guidelines.6
Pharmacokinetics
Studies providing pharmacokinetic data
Table 5 shows the studies relating to each pharmacokinetic topic and the location of each
study summary.
Table 5: Submitted pharmacokinetic studies.
Study ID
Study type
Phase,
design
Study
population
Assessment
Number
of
subjects
MDV310006
PK, safety,
tolerability
Phase Ib,
open-label
Patients
with
metastatic
CRPC
Primary
analysis
22
9785-CL0321
Efficacy,
safety,
tolerability,
PD, PK
Phase II,
open-label,
single arm
Patients
with
hormonenaïve
prostate
cancer
1-year
analysis
67
Therapeutic Goods Administration, “Note for Guidance on Good Clinical Practice (CPMP/ICH/135/95)”, July
2000.
6
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Study ID
Study type
Phase,
design
Study
population
Assessment
Number
of
subjects
9785-CL0111
Efficacy,
safety,
tolerability,
PK
Phase I-II
open label,
uncontrolled,
doseescalation
Japanese
patients
with
metastatic
CRPC, with
or without
prior
docetaxel
Primary
analysis
47
None of the pharmacokinetic studies had deficiencies that excluded their results from
consideration.
Evaluator’s conclusions on pharmacokinetics
The results of Study MDV-3100-06 demonstrated that the pharmacokinetic profile of
docetaxel was not significantly altered by the co-administration of enzalutamide. The
sponsor has proposed to include the results of this study in the PI, reporting the observed
change in AUClast and Cmax. Although a reduction in the AUClast of docetaxel of 12% was
observed, the effect of this reduction on the efficacy of docetaxel has not been correlated
with clinical outcomes. Safety during co-administration of docetaxel and enzalutamide is
discussed below.
The results of Study 9875-CL-0111 in a very small number of Japanese patients
demonstrates that there was no significant difference between the three patients who
received the recommended dose of 160 mg when compared with the data in the currently
approved PI, as assessed in non-Japanese subjects.
The participants in PREVAIL were permitted to be concomitantly administered
enzalutamide and abiraterone. Abiraterone is metabolised by CYP3A4 and enzalutamide
induces this enzyme. No pharmacokinetic analysis has been presented to justify the use of
this experimental combination of therapies.
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Pharmacodynamics
Studies providing pharmacodynamic data
Table 6 shows the studies relating to each pharmacodynamic topic and the location of
each study summary.
Table 6: Submitted pharmacodynamic studies.
Study
ID
Study type
Phase,
design
Study
population
Assessment
Number
of
subjects
9785CL-0321
Efficacy,
safety,
tolerability,
PD, PK
Phase II,
openlabel,
single
arm
Patients
with
hormonenaïve
prostate
cancer
1-year
analysis
67
None of the pharmacodynamic studies had deficiencies that excluded their results from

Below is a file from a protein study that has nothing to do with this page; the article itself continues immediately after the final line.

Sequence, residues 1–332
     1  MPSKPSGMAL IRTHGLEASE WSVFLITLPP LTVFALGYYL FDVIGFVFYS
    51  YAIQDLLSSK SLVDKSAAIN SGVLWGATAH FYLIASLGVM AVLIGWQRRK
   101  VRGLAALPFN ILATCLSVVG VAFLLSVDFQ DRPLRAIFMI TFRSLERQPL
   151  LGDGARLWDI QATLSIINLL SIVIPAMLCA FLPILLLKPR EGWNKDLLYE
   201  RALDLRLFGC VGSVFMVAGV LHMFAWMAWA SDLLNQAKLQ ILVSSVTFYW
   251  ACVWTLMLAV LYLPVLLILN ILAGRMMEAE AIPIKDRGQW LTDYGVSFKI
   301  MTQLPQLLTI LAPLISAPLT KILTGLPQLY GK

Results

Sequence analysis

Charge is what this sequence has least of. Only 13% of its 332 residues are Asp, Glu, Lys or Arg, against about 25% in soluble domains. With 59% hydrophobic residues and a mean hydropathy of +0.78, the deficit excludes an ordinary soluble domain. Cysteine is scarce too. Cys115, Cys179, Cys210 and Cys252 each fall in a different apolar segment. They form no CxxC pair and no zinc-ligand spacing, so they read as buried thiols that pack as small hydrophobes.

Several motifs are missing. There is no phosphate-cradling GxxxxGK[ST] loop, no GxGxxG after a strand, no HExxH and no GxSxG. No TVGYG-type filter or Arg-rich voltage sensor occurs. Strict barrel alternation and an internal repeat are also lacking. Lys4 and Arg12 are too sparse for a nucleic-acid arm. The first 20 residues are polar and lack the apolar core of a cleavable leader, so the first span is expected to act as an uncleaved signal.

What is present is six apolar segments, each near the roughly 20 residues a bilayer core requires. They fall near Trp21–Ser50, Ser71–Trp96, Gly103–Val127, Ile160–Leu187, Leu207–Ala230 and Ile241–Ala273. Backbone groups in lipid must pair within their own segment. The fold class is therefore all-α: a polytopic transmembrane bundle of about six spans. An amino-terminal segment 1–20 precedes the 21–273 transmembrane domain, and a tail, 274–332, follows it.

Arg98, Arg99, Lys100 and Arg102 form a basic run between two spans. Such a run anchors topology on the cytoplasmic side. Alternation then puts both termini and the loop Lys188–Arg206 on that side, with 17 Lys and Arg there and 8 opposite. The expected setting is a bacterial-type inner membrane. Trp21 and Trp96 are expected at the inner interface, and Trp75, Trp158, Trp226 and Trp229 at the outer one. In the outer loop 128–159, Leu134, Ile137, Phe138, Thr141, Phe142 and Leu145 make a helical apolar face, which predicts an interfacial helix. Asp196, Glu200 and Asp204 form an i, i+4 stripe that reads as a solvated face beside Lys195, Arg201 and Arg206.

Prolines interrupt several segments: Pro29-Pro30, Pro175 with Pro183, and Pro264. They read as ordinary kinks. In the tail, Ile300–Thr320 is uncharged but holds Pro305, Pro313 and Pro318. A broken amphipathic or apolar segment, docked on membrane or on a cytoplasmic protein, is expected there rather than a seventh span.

consideration.
Evaluator’s conclusions on pharmacodynamics
Change in PSA concentration was observed as a marker of enzalutamide exposure and
efficacy. There was no data presented to enable clinicians to use change in PSA
concentration over time as a prognostic or diagnostic measure.
The sponsor is proposing to include a statement in the PI regarding the proportion of
patients that achieved a reduction in PSA of 50%. This exploratory outcome has not been
correlated with disease progression, and should therefore be removed from the PI.7
Dosage selection for the pivotal studies
N/A
Efficacy
Studies providing efficacy data
Table 7 shows efficacy studies.
Table 7: Submitted efficacy studies.
Study ID
Study type
Phase,
design
Study
population
Results
Number of
subjects
MDV310003
Efficacy &
safety
Phase III,
randomised,
double-blind,
Chemotherap
y naïve
patients with
Primary
analysis
871
enzalutamide,
This information was proposed based on PREVAIL (MDV-3100-03) data and not 9785-CL-0321 data. The
sponsor agreed to remove this statement from the PI following second round evaluation.
7
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Study ID
Study type
PREVAIL
Phase,
design
Study
population
placebo
controlled,
multicentre
metastatic
CRPC
Results
Number of
subjects
844 placebo
MDV310006
PK, safety,
tolerability
Phase Ib,
open-label
Patients with
metastatic
CRPC
Primary
analysis
22
9785-CL0321
Efficacy,
safety,
tolerability
, PD, PK
Phase II,
open-label,
single arm
Patients with
hormonenaïve
prostate
cancer
1-year
analysis
67
Evaluator’s conclusions on efficacy
Given the approved indication of abiraterone, the best contemporary practice of the
treatment of patients fulfilling the proposed indication is no longer placebo. A direct
comparison of monotherapy enzalutamide and monotherapy abiraterone is the critical
comparison to sufficiently inform prescribers and patients.
The general scheme of PREVAIL is represented in Figure 1 below. Following either first
confirmed radiographic progression or a skeletal related event (whichever came first) and
commencement of cytotoxic chemotherapy was the trigger to cease
enzalutamide/placebo. However, patients in either treatment arm were permitted to be